These consumers are in the early stages or on the cusp of adulthood – the median age of a Hispanic is 30 years old as compared with 44 for a white non-Hispanic. For brands and retailers that make a connection with these consumers early, they can bank on an extended stay.
“Millennial Hispanics are in their prime spending years, which translates into more dollars for businesses that can capture this customer,” Calderon says. “Legacy companies are doing a subpar job at capturing this customer. Forgive the expression, but ‘old white men’ don’t understand them.”
What distinguishes the hypercultural Latinx consumer from others in the Hispanic segment is they have their feet firmly planted in two cultures. “Hypercultural Latinx consumers are 100% Hispanic and 100% American,” Calderon explains.
“They are second-generation Millennials who have been raised in American society and do all the things that Americans do, yet when they go home, they usually speak Spanish, eat traditional foods, and often live in multi-generation families,” she continues. “They are constantly going back and forth between two cultures, and as a result, they are forced to create their own pseudo-culture and community.”
The hypercultural Latinx doesn’t feel so much conflicted between the two cultures, but wants to live fully in both. “She excels in her self-created culture, where her customs, language, and values shine through,” Calderon shares.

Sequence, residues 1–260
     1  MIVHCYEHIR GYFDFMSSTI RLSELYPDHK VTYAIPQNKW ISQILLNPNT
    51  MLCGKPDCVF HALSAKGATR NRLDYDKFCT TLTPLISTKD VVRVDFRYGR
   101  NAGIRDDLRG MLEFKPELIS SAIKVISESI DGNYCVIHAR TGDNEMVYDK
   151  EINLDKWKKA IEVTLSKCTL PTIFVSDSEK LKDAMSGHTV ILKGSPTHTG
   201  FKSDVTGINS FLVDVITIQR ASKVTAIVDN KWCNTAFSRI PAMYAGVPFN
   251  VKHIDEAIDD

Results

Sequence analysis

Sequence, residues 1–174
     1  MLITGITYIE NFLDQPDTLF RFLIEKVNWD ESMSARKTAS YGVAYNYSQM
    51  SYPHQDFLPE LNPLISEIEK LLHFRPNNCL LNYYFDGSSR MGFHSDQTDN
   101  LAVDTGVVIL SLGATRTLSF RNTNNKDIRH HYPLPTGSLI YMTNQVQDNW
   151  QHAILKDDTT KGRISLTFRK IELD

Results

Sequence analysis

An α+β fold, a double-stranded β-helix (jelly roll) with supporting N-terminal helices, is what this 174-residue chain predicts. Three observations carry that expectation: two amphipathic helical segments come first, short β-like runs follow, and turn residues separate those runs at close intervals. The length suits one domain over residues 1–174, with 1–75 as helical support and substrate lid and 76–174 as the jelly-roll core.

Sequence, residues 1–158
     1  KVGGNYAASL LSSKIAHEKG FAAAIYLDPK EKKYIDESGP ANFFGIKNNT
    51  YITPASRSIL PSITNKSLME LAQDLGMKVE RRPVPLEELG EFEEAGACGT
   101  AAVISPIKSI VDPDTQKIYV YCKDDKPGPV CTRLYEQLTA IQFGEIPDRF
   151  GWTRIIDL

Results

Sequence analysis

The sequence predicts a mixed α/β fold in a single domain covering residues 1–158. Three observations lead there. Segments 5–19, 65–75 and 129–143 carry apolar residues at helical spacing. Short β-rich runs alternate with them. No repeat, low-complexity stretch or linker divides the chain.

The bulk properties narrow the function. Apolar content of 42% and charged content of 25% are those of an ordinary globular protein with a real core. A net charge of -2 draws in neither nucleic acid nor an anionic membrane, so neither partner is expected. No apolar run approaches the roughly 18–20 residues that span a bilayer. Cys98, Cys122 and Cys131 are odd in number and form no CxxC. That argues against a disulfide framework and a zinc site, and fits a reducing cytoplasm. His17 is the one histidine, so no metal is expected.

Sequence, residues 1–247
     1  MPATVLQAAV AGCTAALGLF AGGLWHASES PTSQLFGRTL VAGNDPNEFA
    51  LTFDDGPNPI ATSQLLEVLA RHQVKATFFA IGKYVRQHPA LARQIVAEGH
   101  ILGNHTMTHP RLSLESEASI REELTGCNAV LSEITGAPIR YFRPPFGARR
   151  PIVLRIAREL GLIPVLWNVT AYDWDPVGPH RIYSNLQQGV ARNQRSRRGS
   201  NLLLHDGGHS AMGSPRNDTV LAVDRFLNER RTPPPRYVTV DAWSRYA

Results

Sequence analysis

Startups have the edge
Being in the continual process of self-creating an identity and community, the hypercultural Latinx consumer is not afraid to take risks and try something new.
“She desires to test the untested, and thus, is likely to cross the chasm before the early majority. This makes her an ideal customer segment for consumer startups,” Calderon explains.
This gives startups a natural advantage since they are in the same self-creating, identity-defining stage in their business development.
“They [startups] can start from scratch and build a brand from the ground up dedicated to the Hispanic millennial,” she says and adds, “Startups have the benefit of having no history of bad marketing or image problems.”
She points to infamous marketing blunders by major brands, like Hershey’s and Kmart, which both got into trouble using Spanish-language terms that carried a slang sexual connotation.
This blended cultural dynamic creates opportunities for brands that get it, like Habit Skin, founded by Tai Adaya, who is of Mexican-Pakistani origin.
It offers anti-aging beauty products for women who don’t buy the traditional beauty industry message that one becomes “less ‘pretty’ over time, that we lose value as we age.”
Habit Skin boldly challenges that notion, claiming, “We believe people, like fine wine, get better with age, so long as we keep ourselves healthy.” This message is powerfully affirming for young Latinx women who honor their mothers and grandmothers